OK, now that I’ve shared the comparisons, let’s dig into the details.
📝 NOTE I use Amazon affiliate links and may receive a commission for purchases you make after following the links. The commission helps me pay for the software and equipment necessary for astrophotography and to produce the content for Deep Sky Workflows. I also link to places like High Point Scientific, B & H Photo, and Woodland Hills Telescopes. These are all vendors I’ve had great experiences with but am not affiliated with in any way.
The Redcat 71 comes with a nice, wide field of view at 348mm focal length. The 71mm aperture makes it f/5, a decent speed for deep sky photography. The design does not require a reducer or flattener, and with my 2.5x TeleVue PowerMate increases to 870mm.
The Redcat with a 2.5x Barlow-style lens has the perfect field of view for photographing the moon.
Here’s a photograph I took with a similar (only 2x) configuration:
The Redcat is a Petzval refractor. This means it incorporates extra lenses between the objective lens and the focuser. The result is a much flatter field, less need for precise backfocus spacing, and an image that is star halo-free with minimal chromatic aberrations. The apochromatic (a lens with superior correction of spherical and chromatic aberrations compared to achromatic lenses) doublet refractor uses extremely high quality FPL-53 glass.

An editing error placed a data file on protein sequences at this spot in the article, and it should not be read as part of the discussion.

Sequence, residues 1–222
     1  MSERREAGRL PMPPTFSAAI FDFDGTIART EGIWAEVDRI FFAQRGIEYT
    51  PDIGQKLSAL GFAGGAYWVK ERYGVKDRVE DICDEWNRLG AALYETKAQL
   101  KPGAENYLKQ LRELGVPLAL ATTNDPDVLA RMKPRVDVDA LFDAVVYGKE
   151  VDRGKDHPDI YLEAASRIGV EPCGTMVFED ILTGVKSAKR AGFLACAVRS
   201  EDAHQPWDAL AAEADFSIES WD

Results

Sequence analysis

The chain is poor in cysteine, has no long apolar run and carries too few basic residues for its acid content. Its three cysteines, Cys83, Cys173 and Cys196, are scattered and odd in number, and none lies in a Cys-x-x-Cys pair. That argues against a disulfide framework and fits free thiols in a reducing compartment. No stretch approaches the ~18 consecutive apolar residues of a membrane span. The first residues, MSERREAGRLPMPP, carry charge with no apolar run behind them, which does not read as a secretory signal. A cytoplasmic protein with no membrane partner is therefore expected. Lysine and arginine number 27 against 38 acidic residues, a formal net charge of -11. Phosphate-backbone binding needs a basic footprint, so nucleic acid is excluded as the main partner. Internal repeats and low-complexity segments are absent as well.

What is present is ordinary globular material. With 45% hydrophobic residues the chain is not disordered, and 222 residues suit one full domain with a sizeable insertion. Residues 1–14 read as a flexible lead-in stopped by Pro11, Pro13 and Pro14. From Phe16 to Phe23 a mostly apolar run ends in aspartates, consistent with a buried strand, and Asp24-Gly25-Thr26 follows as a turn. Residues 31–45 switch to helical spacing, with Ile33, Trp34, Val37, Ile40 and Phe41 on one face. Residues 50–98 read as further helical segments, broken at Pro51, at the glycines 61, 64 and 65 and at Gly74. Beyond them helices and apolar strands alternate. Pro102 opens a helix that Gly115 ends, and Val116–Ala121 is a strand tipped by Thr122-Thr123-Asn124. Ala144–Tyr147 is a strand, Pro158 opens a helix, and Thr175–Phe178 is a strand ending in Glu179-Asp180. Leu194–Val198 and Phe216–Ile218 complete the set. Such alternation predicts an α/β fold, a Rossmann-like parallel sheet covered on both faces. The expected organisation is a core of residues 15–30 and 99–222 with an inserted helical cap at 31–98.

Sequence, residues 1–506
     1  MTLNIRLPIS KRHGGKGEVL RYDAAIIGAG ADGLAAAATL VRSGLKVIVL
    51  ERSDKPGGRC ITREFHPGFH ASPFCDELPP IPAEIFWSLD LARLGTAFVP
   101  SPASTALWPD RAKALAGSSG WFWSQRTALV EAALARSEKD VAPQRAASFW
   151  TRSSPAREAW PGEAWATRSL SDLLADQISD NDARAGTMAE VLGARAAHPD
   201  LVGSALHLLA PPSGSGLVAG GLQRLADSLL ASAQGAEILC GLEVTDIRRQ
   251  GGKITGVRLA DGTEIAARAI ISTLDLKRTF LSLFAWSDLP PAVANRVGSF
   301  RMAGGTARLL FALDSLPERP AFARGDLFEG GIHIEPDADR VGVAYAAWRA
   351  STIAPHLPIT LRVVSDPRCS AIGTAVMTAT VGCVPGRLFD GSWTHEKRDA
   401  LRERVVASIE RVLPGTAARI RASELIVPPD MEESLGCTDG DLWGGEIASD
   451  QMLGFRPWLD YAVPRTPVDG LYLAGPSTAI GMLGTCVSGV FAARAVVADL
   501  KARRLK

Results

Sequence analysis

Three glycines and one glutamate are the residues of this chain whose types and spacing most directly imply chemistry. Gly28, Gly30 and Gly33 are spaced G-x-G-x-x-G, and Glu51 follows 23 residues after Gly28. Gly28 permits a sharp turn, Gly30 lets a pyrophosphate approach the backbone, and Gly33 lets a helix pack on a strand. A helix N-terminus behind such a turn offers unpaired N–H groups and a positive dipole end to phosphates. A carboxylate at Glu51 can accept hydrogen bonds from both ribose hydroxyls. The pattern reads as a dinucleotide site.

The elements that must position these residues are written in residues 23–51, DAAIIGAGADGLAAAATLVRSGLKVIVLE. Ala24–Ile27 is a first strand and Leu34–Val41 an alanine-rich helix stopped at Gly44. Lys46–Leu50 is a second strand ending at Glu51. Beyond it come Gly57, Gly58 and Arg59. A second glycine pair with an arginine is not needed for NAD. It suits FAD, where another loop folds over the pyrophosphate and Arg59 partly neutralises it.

Field of view images courtesy of Astronomy tools.
Let’s checkout what comes in the box!
What’s in the box
Although I purchased my Redcat 71 secondhand, the owner did a great job of retaining all of the parts and manuals. The standard package includes:
- The 348mm focal length telescope (of course)
- A threaded dust cap made of sturdy metal that fits M48 threads
- A tilt adapter to correct for issues in your imaging train
- A built-in field rotator so you can rotate your camera angle to frame your target
- A saddle handlebar with M4 thumb screws you can use to add a guide scope
- The helical focuser (standard version) or proprietary WIFD focuser
- A focuser tension ring to lock in focus when you achieve it
- A focuser gear ring you can use with a belt to attach an auto-focuser
- Arca Swiss/Vixen Plate to easily attach to most mounts
- Mounting Rings
- A built-in dew shield to reduce condensation on the lens
- A Bahtinov mask to assist with achieving focus
- A carrying bag to transport the unit
- No need for a field flattener because of the design
It’s a very solid offering and I found I had all the elements I needed to integrate it with my own system.
What’s not in the box
Honestly, nothing. The box had everything I needed.
Things I wish I knew